Global steel demand will reach 1,657.9Mt in 2018, an increase of 3.9% when compared with 2017, according to the World Steel Association’s (worldsteel) October short-range outlook. In 2019 global steel demand is forecast to grow 1.4% to reach 1,681.2Mt.
Saeed Ghumran Al Remeithi, chairman of the worldsteel economics committee and CEO of Emirates Steel, speaking at the World Steel Association General Assembly in Tokyo, commented: “In 2018, global steel demand continued to show resilience supported by the recovery in investment activities in developed economies and the improved performance of emerging economies.”
Demand for steel is expected to remain positive into 2019, Mr Al Remeithi said, growing at 1.4% globally.
There are, however, a number of uncertainties from tensions in the global economic environment.
According to worldsteel, while the strength of steel demand recovery seen in 2017 was carried over to 2018, risks have increased. Normalisation of monetary policies in the USA and the European Union could influence the currencies of emerging economies.
In China, steel demand growth is expected to decelerate due to an absence of stimulus measures. Demand was boosted during H2 2018 by a mini stimulus in real estate and a strong global economy. However, worldsteel argues that continued economic rebalancing efforts and toughening environmental regulations will lead to a deceleration in steel demand towards the end of 2018 and 2019.
Downside and upside risks exist for China, with the former coming from ongoing trade frictions with the USA in addition to a decelerating global economy. “However, if the Chinese government decides to use stimulus measures to contain the potential slowdown of the Chinese economy in the face of a deteriorating economic environment, steel demand in 2019 will be boosted,” claims worldsteel.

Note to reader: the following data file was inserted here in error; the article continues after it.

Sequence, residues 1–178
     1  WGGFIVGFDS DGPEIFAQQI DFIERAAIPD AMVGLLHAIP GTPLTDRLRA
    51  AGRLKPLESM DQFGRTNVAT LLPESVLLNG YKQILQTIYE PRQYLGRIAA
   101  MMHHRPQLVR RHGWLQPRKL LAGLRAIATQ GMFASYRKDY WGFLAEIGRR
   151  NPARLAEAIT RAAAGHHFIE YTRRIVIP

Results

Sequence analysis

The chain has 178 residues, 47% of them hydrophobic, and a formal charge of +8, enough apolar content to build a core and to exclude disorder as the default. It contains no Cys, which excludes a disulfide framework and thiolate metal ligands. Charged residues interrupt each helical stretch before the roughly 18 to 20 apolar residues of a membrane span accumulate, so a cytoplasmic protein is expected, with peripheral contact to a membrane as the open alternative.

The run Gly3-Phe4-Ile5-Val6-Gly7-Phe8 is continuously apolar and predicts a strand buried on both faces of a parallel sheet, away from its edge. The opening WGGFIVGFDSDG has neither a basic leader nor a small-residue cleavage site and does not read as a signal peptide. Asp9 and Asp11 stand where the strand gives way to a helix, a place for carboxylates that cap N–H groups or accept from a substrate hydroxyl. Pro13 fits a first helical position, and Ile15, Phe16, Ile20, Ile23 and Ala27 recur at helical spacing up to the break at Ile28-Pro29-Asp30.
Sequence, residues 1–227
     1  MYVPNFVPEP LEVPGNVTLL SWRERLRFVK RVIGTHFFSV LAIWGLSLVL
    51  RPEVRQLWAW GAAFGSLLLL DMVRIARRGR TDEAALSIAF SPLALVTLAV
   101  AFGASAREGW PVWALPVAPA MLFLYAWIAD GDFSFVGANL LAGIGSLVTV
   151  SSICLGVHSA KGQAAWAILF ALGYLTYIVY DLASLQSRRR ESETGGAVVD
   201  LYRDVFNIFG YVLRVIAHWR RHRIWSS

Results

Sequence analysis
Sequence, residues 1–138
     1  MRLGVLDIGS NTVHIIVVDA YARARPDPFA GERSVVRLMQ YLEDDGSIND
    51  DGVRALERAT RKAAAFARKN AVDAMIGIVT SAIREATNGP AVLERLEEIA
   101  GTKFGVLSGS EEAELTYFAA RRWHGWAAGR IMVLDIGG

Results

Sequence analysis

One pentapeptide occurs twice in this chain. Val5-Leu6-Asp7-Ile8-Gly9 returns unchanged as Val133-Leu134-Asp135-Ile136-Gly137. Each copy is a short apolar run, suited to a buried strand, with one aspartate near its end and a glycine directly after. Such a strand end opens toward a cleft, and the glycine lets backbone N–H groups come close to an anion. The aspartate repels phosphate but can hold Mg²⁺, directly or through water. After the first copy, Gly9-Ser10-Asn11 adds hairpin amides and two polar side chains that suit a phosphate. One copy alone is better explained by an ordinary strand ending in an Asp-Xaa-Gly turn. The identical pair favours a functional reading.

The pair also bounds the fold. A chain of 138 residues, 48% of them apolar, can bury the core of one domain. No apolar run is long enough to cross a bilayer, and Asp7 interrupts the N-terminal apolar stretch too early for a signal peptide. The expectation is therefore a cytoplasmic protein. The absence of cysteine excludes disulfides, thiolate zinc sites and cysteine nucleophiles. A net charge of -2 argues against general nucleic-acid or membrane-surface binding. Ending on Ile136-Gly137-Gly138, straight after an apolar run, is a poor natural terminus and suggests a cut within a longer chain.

In the developed world, steel demand remains healthy, but growth will be moderate. Worldsteel estimates that demand will increase by 1% in 2018 and 1.2% in 2019.
Strong consumer spending and business investment in the USA, supported by tax and regulatory changes and fiscal stimulus, has led to strong steel demand growth in 2017. Steel demand growth in 2019 will slow as car manufacturing and construction activity is expected to see modest growth.
The manufacturing sector is expected to perform well thanks to the strength of the machinery and equipment sector, claims worldsteel.
In the European Union, steel demand will continue its broad recovery at a reduced pace. Business confidence is high and investment and construction is continuing its recovery, says worldsteel. The automotive market may see slower growth demand.
While the economic fundamentals of the EU economy remain relatively healthy, according to worldsteel, steel demand in 2019 will show some deceleration over 2017-18 growth and this is due to global trade uncertainty.
In Japan, steel demand will remain stable thanks to supportive factors on investment (record-high corporate earnings, the continuation of monetary easing, demand associated with the Tokyo Olympics and the increasing need for labour-saving investments).
With major steel using sectors struggling, steel demand in Korea will contract further in 2018 with only a minor recovery expected in 2019.